The Truth About Ex-Parte Orders

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The definition of ex parte is "for one party," referring to motions, hearings or orders granted on the request of and for the benefit of one party only. According to the Fifth Amendment to the U.S. Constitution, "No person shall ... be deprived of life, liberty, or property, without due process of law."

As a country, we believe one of the tenants of due process is fair notice to parties who may be affected by legal proceedings. Therefore, any time someone initiates a court proceeding they are required to give notice to all parties involved.  However, adequate notice of judicial proceedings to concerned parties may at times work irreparable harm to one or more of those parties. In such a case, the threatened party or parties may receive an ex parte court hearing to request temporary judicial relief without notice to, and outside the presence of, other persons affected by the hearing.

Ex parte judicial proceedings are usually reserved for urgent matters where requiring notice would subject one party to irreparable harm. For example, a person suffering abuse at the hands of a spouse or significant other may seek ex parte a Temporary Restraining Order from a court, directing the alleged abuser to stay away from him or her.  This is how Brooke Mueller was able to remove her children from Charlie Sheen's home without giving him notice that the police were coming.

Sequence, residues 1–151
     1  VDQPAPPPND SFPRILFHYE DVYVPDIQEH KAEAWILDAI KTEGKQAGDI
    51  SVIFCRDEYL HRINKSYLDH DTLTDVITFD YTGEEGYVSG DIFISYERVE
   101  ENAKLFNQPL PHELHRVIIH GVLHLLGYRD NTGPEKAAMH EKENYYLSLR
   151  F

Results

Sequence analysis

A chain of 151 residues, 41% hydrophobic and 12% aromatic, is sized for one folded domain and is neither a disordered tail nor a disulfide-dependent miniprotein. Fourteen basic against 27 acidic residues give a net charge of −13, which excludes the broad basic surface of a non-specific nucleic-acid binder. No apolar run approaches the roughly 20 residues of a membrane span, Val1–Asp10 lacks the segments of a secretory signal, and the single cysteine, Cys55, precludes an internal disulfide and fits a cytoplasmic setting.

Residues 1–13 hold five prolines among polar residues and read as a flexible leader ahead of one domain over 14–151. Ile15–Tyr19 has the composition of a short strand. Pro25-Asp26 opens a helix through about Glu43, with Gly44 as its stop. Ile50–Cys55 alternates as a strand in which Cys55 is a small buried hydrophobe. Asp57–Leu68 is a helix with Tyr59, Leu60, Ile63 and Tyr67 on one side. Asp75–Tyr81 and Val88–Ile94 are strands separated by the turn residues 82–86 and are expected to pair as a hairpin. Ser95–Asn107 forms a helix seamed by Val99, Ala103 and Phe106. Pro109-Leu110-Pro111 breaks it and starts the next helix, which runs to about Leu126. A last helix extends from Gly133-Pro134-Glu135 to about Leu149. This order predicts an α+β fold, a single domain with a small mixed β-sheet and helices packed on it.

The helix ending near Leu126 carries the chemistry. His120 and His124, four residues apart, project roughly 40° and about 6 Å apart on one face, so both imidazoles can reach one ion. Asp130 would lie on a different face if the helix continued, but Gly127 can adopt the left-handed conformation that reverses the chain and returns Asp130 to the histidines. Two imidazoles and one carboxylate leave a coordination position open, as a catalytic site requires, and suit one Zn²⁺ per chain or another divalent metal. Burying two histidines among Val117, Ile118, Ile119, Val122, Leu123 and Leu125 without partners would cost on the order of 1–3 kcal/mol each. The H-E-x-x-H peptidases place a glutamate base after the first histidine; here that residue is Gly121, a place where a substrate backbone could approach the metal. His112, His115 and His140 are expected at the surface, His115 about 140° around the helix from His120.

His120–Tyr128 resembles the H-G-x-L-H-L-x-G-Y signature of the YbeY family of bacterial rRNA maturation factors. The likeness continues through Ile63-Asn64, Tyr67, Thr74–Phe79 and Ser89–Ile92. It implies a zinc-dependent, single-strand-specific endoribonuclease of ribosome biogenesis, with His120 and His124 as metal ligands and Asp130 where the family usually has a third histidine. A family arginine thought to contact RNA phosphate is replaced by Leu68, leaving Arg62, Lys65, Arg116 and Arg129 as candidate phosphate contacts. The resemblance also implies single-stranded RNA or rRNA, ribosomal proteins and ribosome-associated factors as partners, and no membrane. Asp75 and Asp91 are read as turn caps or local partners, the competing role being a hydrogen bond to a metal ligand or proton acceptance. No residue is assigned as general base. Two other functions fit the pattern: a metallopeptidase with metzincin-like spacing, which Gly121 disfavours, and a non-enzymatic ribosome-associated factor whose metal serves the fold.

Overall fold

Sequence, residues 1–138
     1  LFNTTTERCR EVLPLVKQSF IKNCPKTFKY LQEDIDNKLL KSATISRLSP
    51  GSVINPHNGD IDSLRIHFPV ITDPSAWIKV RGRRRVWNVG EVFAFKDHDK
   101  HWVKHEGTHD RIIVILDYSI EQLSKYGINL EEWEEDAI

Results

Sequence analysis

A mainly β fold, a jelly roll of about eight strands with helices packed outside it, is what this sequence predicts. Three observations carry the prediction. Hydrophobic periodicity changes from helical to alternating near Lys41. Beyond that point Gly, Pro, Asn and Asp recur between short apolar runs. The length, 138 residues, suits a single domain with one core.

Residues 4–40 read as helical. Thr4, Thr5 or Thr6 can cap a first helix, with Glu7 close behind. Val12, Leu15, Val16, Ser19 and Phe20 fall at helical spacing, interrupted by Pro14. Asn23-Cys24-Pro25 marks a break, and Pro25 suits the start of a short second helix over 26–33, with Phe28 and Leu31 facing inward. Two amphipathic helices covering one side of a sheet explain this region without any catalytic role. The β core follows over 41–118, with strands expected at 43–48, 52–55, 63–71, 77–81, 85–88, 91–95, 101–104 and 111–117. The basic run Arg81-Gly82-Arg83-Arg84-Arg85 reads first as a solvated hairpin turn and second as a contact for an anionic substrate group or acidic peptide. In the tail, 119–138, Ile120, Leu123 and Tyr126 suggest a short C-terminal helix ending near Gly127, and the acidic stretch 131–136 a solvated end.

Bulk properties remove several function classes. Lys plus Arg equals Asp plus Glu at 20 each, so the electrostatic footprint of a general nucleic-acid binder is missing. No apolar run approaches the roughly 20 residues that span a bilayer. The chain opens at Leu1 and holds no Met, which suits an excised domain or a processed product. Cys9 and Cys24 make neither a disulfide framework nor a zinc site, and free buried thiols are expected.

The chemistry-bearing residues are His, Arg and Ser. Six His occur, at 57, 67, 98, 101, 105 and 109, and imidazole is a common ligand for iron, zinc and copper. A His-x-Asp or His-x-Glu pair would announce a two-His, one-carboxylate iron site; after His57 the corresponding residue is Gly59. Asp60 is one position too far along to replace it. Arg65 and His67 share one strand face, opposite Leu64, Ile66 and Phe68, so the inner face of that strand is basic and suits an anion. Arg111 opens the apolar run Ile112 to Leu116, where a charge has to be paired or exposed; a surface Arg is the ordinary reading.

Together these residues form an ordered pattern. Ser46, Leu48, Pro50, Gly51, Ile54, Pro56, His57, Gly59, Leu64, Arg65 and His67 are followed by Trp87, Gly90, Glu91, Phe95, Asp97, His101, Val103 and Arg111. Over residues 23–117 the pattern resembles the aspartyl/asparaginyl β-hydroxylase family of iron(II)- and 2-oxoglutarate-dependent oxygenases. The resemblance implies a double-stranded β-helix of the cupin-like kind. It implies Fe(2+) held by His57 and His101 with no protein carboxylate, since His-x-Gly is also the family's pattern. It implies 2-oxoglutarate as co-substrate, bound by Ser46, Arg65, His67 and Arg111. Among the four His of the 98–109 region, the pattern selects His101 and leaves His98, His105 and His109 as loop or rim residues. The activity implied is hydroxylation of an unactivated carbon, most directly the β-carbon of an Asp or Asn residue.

The concern about ex parte proceedings in the context of divorce is that one of the parties can go to a judge, without telling the other side, with nothing but mere allegations and ask the judge to sign an Order which could include taking the children away from the other parent.  I have seen many occasions when this process has been abused by a disgruntled spouse in an attempt to get an upper hand in a divorce proceeding.

It should be noted that a court order issued on the basis of an ex parte proceeding will be temporary and interim in nature, and the person(s) affected by the order must be given an opportunity to contest the appropriateness of the order before it can be made permanent.  The problem is that during the interim great damage can be done until the other party has a chance to give their side of the story.

If you would like more information about ex-parte orders, call us set up an initial consultation with our Minneapolis family law attorneys.